Later when Jessica voluntarily leaves with Kilgarve, after the mind controlling creep bought her childhood home, Simpson discover Jones after he and Trish use Kilgrave’s new security detail to locate him. In an attempt to save Jones who he believes is under Kilgrave’s control he makes an attempt to rescue Jones and kill Kilgrave by bombing the house, which would result in deaths other than Kilgarve’s. After all of the strategic and tactical planning skills, Simpson has applied in the past, this plan is a bit too destructive and impulsive to fit his character.Along with the fact that an explosion would result in numerous innocent casualties, which is at odds with the protective and compassionate character traits the writers gave Simpson during the character’s post Kilgrave introduction.
Jones subdues Kilgrave and as she exits the property is confronted by Simpson who plans to kill the psycho even though Jones needs him alive as evidence to prove the innocence of Hope Schlottman, the living embodiment of her guilt. Jessica flies away before Jessica’s old neighbor delivers a bomb from Kilgarve to Simpson which results in him being critically injured and in his friends being among the casualties. Walker races Simpson to the hospital, where he insists on seeing a Dr. Kozlov from his days as an Army sergeant. Kozlov gives him some pills, and his injuries heal miraculously, yet a side effect of the drugs and there misuse is mental instability.
Later Simpson murders a police detective and destroys the evidence on Kilgrave, then searches for Jessica with the intention of finding and killing Kilgarve. Jones in her sleep deprived state is injured in an accident and discovers the police detective’s burned corpse at the mourge. When later confronted by Simpson she deduces that it was Simpson, not Kilgrave who killed the detective. During their exchange Simpson expressed disbelief that Jessica would do what it takes to stop Kilgrave, stating that she has had enough opportunities to do so.During a wall crashing super-powered fight in Jessica’s apartment he overpowers the injured Jones. Walkers arrive just in time to use Simpson’s pills to help Jones defeat him(good riddance).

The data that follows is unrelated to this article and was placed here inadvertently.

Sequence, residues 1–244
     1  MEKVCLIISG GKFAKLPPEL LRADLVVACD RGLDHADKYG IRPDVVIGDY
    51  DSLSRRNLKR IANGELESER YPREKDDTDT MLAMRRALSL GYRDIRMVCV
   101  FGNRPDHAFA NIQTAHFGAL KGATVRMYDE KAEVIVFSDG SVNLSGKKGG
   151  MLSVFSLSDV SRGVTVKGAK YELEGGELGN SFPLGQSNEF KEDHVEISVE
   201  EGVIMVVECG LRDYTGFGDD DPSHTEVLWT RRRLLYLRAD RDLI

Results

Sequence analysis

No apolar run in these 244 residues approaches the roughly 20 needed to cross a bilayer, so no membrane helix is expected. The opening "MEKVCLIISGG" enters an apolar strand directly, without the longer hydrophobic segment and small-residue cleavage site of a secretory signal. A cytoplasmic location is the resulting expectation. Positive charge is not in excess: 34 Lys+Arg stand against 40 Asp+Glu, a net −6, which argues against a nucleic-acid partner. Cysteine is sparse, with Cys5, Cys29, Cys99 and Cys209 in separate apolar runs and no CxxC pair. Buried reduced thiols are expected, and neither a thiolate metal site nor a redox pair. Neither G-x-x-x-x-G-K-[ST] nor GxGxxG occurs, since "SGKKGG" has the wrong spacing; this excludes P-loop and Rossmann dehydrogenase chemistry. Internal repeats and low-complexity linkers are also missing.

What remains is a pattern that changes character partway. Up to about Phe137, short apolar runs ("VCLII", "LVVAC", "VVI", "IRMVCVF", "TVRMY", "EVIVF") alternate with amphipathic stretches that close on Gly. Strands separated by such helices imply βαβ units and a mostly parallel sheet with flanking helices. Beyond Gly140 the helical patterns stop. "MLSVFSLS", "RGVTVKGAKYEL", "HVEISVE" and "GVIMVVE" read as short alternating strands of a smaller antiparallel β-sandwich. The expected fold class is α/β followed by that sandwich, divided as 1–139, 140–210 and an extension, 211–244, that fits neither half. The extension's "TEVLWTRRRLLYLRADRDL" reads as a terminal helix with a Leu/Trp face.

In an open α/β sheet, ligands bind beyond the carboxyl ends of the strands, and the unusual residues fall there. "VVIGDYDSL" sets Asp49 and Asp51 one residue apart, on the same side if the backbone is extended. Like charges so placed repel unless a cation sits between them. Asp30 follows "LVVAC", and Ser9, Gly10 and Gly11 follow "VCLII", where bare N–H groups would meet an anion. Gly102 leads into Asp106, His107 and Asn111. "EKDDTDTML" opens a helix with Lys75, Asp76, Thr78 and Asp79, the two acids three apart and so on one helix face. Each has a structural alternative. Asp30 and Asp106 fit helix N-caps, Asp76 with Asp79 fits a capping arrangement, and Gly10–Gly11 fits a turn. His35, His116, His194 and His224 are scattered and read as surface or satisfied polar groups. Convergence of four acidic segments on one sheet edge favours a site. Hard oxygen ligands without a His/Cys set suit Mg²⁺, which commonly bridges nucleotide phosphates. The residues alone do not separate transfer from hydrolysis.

Simpson was a major player in Jessica’s first attempt at subduing Kilgrave and knew where he was before Jessica arrived at her childhood home with him, so he has been in close range to a vulnerable Kilgrave numerous times, and has the opportunity to kill him as often a Jessica has and his mental instability under the use of the “pills” isn’t a good enough motive. Perhaps the fact he knew that until that point he couldn’t match Jessica’s strength to challenge her, but even then he previously attempted to save her from Kilgrave. And Simpson’s willingness to needlessly kill innocents to get to Kilgrave is not in line with the character that was established as compassionate, and someone who wanted so badly to protect the innocent. The development of his character over the course of the season wasn’t convincingly displayed, and his character seems more like a plot tool used to force the epic showdown between Jones and Kilgrave into the direction that the writers wanted. In the end, Will Simpson was there to get the job done, nothing more.